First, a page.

New Treatment for Borderline Personality Disorder Shows Promise

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A group of Swiss researchers believe to have found a new type of psychotherapy effective for treating borderline personality disorder, according to their report in the current issue of Psychotherapy and Psychosomatics.

They believe motive-oriented therapeutic relationship (MOTR) is a particularly helpful therapeutic ingredient in the early treatment phase of patients with personality disorders, especially in those with borderline personality disorder.

The randomized controlled study used an add-on design in the first study to test this belief with a 10-session general psychiatric treatment with patients presenting with BPD on symptom reduction and therapeutic alliance. In total, 85 patients were randomized to either manual-based short variants of the general psychiatric management (GPM) treatment, or to the same treatment where MOTR was specifically added to the treatment. Their findings showed MOTR to be particularly effective.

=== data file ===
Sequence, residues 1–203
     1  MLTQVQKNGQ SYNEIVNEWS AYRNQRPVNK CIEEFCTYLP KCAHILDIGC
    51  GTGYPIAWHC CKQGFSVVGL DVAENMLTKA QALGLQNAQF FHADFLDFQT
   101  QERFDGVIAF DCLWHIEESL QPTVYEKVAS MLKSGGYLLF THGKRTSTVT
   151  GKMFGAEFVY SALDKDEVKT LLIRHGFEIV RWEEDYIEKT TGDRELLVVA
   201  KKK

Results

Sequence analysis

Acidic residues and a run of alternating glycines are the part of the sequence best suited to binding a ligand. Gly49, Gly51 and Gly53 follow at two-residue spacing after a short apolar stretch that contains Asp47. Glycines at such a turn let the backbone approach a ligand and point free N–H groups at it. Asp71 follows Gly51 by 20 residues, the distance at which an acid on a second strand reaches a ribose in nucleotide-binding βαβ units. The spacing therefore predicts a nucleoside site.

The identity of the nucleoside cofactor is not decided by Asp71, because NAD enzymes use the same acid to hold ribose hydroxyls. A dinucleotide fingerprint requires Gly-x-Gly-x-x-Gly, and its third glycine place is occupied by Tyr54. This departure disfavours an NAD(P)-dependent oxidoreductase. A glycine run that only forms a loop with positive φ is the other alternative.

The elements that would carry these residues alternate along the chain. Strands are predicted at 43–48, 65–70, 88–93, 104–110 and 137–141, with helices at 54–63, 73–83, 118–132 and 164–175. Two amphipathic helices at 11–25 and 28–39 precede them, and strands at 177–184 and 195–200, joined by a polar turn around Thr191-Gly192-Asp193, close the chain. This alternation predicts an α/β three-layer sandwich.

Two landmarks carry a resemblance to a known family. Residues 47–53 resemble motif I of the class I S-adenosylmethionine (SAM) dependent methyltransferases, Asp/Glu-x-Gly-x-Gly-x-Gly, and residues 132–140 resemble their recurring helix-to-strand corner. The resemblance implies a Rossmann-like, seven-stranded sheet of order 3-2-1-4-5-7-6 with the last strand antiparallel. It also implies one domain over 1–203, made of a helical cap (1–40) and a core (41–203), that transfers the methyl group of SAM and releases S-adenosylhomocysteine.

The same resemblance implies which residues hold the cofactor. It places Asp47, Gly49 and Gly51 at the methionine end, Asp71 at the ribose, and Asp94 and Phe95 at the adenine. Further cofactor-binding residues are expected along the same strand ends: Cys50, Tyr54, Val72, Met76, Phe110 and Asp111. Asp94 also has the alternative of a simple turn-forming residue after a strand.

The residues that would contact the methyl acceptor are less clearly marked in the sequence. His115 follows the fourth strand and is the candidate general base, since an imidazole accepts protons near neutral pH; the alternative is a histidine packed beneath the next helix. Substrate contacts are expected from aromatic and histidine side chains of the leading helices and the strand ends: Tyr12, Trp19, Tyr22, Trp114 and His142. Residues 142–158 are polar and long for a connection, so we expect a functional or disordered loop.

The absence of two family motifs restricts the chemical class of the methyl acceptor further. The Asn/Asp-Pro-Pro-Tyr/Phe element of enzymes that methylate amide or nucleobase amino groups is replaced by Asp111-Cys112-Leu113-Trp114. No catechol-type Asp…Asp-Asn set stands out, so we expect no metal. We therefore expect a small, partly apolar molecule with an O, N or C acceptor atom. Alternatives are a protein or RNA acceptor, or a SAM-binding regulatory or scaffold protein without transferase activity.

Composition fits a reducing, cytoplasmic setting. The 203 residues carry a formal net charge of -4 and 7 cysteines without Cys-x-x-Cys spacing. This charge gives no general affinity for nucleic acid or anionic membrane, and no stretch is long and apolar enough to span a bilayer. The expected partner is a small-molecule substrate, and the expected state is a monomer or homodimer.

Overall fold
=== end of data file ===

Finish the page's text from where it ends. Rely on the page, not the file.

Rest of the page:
Specifically, the researchers saw that MOTR showed efficacy in all areas, especially in the sense of reducing general symptoms and social problems. However, they also showed that MOTR did not yield a particular reuction of specific borderline symptoms. These findings overall suggest that adding MOTR to psychiatric and psychotherapeutic treatments of BPD would be promising, and could add insight on ways to shorten treatments for patients with BPD

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